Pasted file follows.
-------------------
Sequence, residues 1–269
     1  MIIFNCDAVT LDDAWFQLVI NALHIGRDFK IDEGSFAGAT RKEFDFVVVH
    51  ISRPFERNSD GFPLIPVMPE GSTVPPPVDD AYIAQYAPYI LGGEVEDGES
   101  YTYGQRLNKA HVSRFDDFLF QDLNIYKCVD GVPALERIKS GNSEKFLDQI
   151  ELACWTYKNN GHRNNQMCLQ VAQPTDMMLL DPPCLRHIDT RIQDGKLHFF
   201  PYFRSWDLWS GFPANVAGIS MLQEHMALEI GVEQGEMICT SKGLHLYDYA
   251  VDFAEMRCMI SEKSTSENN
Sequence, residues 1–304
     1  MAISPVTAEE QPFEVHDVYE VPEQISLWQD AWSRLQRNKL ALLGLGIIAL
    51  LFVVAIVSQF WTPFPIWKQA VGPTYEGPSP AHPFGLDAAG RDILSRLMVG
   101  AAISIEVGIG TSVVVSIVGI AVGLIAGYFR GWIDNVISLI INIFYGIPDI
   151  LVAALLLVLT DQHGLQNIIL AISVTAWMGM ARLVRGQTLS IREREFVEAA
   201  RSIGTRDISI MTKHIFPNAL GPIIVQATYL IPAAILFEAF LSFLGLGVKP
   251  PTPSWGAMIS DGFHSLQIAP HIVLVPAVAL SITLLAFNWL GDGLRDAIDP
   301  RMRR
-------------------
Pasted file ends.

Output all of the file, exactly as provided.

Sequence, residues 1–269
     1  MIIFNCDAVT LDDAWFQLVI NALHIGRDFK IDEGSFAGAT RKEFDFVVVH
    51  ISRPFERNSD GFPLIPVMPE GSTVPPPVDD AYIAQYAPYI LGGEVEDGES
   101  YTYGQRLNKA HVSRFDDFLF QDLNIYKCVD GVPALERIKS GNSEKFLDQI
   151  ELACWTYKNN GHRNNQMCLQ VAQPTDMMLL DPPCLRHIDT RIQDGKLHFF
   201  PYFRSWDLWS GFPANVAGIS MLQEHMALEI GVEQGEMICT SKGLHLYDYA
   251  VDFAEMRCMI SEKSTSENN
Sequence, residues 1–304
     1  MAISPVTAEE QPFEVHDVYE VPEQISLWQD AWSRLQRNKL ALLGLGIIAL
    51  LFVVAIVSQF WTPFPIWKQA VGPTYEGPSP AHPFGLDAAG RDILSRLMVG
   101  AAISIEVGIG TSVVVSIVGI AVGLIAGYFR GWIDNVISLI INIFYGIPDI
   151  LVAALLLVLT DQHGLQNIIL AISVTAWMGM ARLVRGQTLS IREREFVEAA
   201  RSIGTRDISI MTKHIFPNAL GPIIVQATYL IPAAILFEAF LSFLGLGVKP
   251  PTPSWGAMIS DGFHSLQIAP HIVLVPAVAL SITLLAFNWL GDGLRDAIDP
   301  RMRR